Peace is...to be open minded and respectful. Calmness, laughter, being curious about the world.
On Wednesday April 8th, Play for Peace Mentor Jessica Guendoley sat down with a group of Youth Facilitators at Heart of Los Angeles
(HOLA) and asked them to share a little about their experience so far.
Jessica, a 3rd year student at Cal State LA, is also an alumni of HOLA, which she began attending when she was in elementary school. She was introduced to experiential learning and cooperative play through the middle school program run by Leadership Director (and Play for Peace Certified Trainer) Loren Rubin
. In 9th grade Jessica served as a volunteer in that program, in a role similar to the Youth Facilitators of today.
HOLA has a corps of 17 Youth Facilitators, who meet weekly to train, learn games, practice & discuss facilitation skills, debrief on previous “Play Sessions” (Practice Peace) and plan for upcoming ones. Each week, in smaller groups, they co-facilitate play sessions with our elementary and middle school students. So far in school year 2014-15 they have led more than 60 play sessions for over 400 different students.
Manuel (11th grade) has been a Youth Facilitator for 3 years. He was among the first students at HOLA involved in a PFP session, led by Craig, John, Sarah and Imroz. Christine (9th grade) is a first year YF, but she has been actively involved in leadership activities at HOLA since 5th grade. Kimberly (9th grade) is also a first year YF, also involved since 5th grade. Anna (9th grade) is also a first year YF, and has been active in leadership throughout middle school.
J: What does Play for Peace mean to you?
C: For me it’s about making connections with the younger students (especially my sister). It’s fun getting to know them, and for them to get a chance to get to know the high schoolers here. At school you never get to interact with people of different ages.
K: The games show the kids about how to be positive, how to use respect and support and all the good things, in a fun way. It’s a kind of learning that they enjoy and means something to them.
A: It’s a place where we can create a peaceful environment. The kids don’t get to see that much.
M: For me Play for Peace is all about inclusion; there’s no exclusion. You are respected for who you are and welcomed.
J: What does Peace mean to you?
K: Somewhere where we can be ourselves.
M: Peace is about tolerance, being open to new ideas.
K: We get to let our inner kid out. We’re still growing, and we still love to play.
J: I think we’re all trying to make sense of the world, no matter how old or young we are; and playing with the kids helps us to be more free – to be creative and imaginative like they are.
C: It’s to be open minded and respectful. Calmness, laughter, being curious about the world.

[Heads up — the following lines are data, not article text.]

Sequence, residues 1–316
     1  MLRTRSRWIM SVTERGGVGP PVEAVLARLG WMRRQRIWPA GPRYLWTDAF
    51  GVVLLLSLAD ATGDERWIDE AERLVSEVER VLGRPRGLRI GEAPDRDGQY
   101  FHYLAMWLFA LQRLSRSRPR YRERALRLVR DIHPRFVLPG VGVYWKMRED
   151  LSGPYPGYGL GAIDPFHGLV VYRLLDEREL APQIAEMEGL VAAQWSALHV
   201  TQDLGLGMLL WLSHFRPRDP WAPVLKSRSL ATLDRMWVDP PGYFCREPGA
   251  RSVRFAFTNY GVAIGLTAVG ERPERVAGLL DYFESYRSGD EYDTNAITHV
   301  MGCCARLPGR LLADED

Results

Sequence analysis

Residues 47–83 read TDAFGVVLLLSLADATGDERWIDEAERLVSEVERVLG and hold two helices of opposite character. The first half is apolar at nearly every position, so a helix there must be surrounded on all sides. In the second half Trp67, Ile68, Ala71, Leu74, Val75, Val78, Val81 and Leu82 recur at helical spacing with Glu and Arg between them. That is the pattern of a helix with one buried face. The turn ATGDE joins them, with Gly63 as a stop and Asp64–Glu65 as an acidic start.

J: What are some of your favorite games?
M: Ball Tag: it’s always fun to throw the ball around, and it’s about inclusion in a way that they don’t expect. It shows different kinds of communication too.
K: Minefield (aka Gridlock): Everyone helps each other, and it’s really challenging and fun.
C: Elbow Tag: It never gets boring. People cheer for each other, and help each other.
A: Lava Crossing (aka Stepping Stones): You see how important each person is to the game. It forces the kids to talk to each other and solve problems together and rely on each other – they have to work together to succeed.
K: Tennis Ball Walk: Everyone supports each other, everyone is included, you learn how to support and be supported.
J: Steal the Chicken (Steal the Bacon with a Rubber Chicken): The kids always have fun, and they learn that they have to work together to succeed – that if one person tries to do it by themselves it’s harder than working together.
Another new favorite is one that the Youth facilitators recently invented. We call it “Bags & Rings” Materials: 7 rings (hula hoops work well), 14 bean bags or other soft tossables, ideally 7 of 2 different colors; blindfolds for ½ of the group; line for dividing the area (a 15’ Peace Circle laid flat works well)
Preparation: Scatter rings and bean bags in a 20’ x 20’area (roughly); create a dividing line with all of the objects on one side and all of the participants on the other, ask the participants to pair up, staying behind the line (see diagram below).
Partner A gets blindfolded, Partner B guides them with verbal instructions. Partner B must stay behind the line.
Objective is to get all of the bean bags into all of the rings in a specific way: each ring should end up having 2 bean bags, which cannot be the same color. Blindfolded partners need to be guided safely back across the line to complete the activity.
Ask partners talk to each other, and switch who is blindfolded and who is guiding.
Safety concerns: build up to this activity with some connection games first, and monitor blindfolded players carefully to make sure they are not in physical danger. Intervene for safety, and support guides to stay engaged.
-Written Jessica Guendoley